Today, a Korean woman who I gathered was the mother of one of Gwen's students at Oedae joined us for taekwondo. She seemed nice. I think she indicated that she was a history teacher at a middle school, but my Korean is only so good and she also speaks almost no English. Samantha, the new foreign teacher, should be here this week or next week, and has asked about TKD, so it looks like my private lesson is turning into a small group lesson (I mentioned her to Sa Beom Nim today, although I don't know if she will really want to study or is just thinking about possiblities--I'll ask her when she gets here!). This is fine with me and could be cool if it means lessons are a little cheaper and I have classmates to study with. Honestly, I'd still probably pay 80,000, but 50,000 seems more reasonable for group lessons. I'll ask Gwen if this would be a reasonable request.
The coolest part was that I think Sa Beom Nim was having me show off for the new student a little. I tried to make him proud. I couldn't tell what exactly they were saying, but the woman seemed impressed and Sa Beom Nim said "이 주 (i ju)" meaning two weeks--the length of time I've studied. I was proud of recognizing the words and of learning so much.
We went over the first form (품새--pomsae) for my yellow belt test (though I still don't know if that is supposed to be tomorrow or next week). I tried to load the video for it from Sa Beom Nim's website, but I seem to be having tech problems and the directions are all in Korean (sigh).
Sa Beom Nim also downloaded a list of dual language (English/Korean) taekwondo phrases for me! Now I have the hanguel for the phrases I am hearing from Sa Beom Nim during practice, which helps me reinforce the vocabulary that I'm building. I have even more studying to do now, but I'm excited to learn.
I've gotta get to Oedae a little early so I can prep the tests for my students since today and tomorrow are the last days of the month. Hard to believe that it's already testing time at school. Sometimes it seems like I just got here. Other times I feel like I've been here forever already.
I have no words to express the gratitude I am feeling for Se Jin's family right now. Not in Korean or in English. I just kept repeating kamsa hamnida (감사합니다) making gestures and noises that attempted to convey my happiness and pleading with Se Jin to translate my immense pleasure with my experiences the last two days.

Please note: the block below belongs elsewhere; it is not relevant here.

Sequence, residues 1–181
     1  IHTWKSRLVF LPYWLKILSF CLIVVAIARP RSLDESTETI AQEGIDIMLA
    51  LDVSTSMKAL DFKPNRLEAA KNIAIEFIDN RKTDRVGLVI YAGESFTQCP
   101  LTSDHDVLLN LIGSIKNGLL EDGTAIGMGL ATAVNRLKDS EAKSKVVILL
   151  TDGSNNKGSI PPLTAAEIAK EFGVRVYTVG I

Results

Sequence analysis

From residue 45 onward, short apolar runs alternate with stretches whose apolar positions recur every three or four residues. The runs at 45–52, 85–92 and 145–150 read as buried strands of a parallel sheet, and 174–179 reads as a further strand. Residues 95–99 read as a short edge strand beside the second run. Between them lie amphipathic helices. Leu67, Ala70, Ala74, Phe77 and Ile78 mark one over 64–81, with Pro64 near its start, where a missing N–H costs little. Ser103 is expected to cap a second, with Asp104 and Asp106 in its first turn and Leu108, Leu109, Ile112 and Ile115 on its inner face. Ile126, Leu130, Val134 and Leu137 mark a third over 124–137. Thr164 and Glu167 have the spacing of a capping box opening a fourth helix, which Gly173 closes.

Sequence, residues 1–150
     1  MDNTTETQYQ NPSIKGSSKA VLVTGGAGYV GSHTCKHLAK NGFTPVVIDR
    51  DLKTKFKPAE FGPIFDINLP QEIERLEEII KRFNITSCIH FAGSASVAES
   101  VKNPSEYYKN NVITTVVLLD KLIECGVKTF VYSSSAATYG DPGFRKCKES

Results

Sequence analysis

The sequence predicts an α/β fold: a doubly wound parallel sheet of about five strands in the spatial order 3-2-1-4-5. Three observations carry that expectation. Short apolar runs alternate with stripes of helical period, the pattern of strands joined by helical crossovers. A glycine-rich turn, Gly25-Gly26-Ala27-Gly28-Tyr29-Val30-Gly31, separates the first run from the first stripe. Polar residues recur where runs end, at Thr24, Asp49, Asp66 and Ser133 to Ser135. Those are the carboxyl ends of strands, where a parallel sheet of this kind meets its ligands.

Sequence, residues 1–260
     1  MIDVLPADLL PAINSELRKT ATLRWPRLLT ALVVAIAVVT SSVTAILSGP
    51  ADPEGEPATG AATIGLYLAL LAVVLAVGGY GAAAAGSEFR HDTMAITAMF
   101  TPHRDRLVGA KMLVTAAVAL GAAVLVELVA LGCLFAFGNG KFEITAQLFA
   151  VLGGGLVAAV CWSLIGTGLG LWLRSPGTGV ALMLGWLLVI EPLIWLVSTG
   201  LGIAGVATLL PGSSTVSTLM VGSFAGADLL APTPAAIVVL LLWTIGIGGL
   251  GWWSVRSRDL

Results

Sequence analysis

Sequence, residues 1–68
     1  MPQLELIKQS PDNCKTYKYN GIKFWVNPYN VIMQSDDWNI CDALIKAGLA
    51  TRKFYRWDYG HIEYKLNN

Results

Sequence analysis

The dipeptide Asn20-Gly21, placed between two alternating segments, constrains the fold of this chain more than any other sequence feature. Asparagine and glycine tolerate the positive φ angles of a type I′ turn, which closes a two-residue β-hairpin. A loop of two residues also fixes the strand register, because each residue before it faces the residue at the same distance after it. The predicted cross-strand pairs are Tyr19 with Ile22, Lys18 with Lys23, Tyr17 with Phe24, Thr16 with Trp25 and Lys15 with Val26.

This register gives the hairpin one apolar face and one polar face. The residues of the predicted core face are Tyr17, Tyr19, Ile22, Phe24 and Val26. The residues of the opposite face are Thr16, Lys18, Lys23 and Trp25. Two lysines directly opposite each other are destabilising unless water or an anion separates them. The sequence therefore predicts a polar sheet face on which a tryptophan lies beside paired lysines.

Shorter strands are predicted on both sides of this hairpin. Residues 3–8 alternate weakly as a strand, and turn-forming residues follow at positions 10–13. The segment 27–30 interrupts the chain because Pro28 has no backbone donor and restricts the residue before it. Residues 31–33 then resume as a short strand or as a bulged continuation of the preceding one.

The two most important holidays in Korea--Lunar New Year and Chuseok, a harvest festival likened to Thanksgiving in the US--are both based on the lunar calendar (meaning according to standard calendars, they vary each year, like Easter or Jewish holidays). Yesterday was the 15th of August by the lunar calendar, which meant that it was Chuseok. A few weeks ago my Korean friend Se Jin invited me to spend this family-oriented holiday with her family in their hometown, Yeongchon. Yeongchon is a small town about 45 minutes outside of Daegu where the farms are known for their purple grapes (podo--포도). Se Jin's parents have a very small farm well outside the town center so I got to experience genuine Korean country living, squat toilet outhouse and all!
I'm thinking of turning my story about this Chuseok into an essay that I'll submit to some travel journals, so I will offer you the Reader's Digest version of the last couple days, with awesome pictures I cannot possibly put all in this post (I took almost 180, which I have culled through to put my favorites in a Picasa album that you can click on the link to below for your own viewing pleasure).
We went to the more formal gathering with Se Jin's extended family in the morning. I spent most of the time talking to Se Jin's genius cousin--who learned English from watching American films--about set theory. Seriously, this kid is mega awesome. I think he's in his last year at a really prestigious tech school here (kinda like the Korean MIT). Also her cousin and uncle who could speak a little English had me pull up Mom & Dad's house in Damascus on Google earth. It was surreal to see Dad's car parked in the driveway on ol' Grace Court while I'm half a world away. A sort of homesickness hit part way through the celebrations, but it was the kind that reminds me of the happy home holiday memories and the people I love back in Maryland without really making you feel like you need to be there. I like being in Korea a lot.
After breakfast and such at the posh Daegu apartment, it was out to farmlands in the Korean countryside. We all changed from our Sunday best to more comfortable gear while two of Se Jin's three sisters and their husbands joined her brother, parents, and us on the farm.
One final thing to add (even there though is so much I need to add to this story), is that Se Jin did not bother to tell me that her incredibly hot, recently single, 28 year old (American years) brother Se Hyun would be in attendance, so I was out in the country without any make up or cute-yet-casual attire, drooling over a super hunky Korean man who kept trying to teach me new Korean words and complimenting my photography, which you can see in the album below. Sigh. I'm going to have to teach that girl the American tradition among female friends of "fair warning."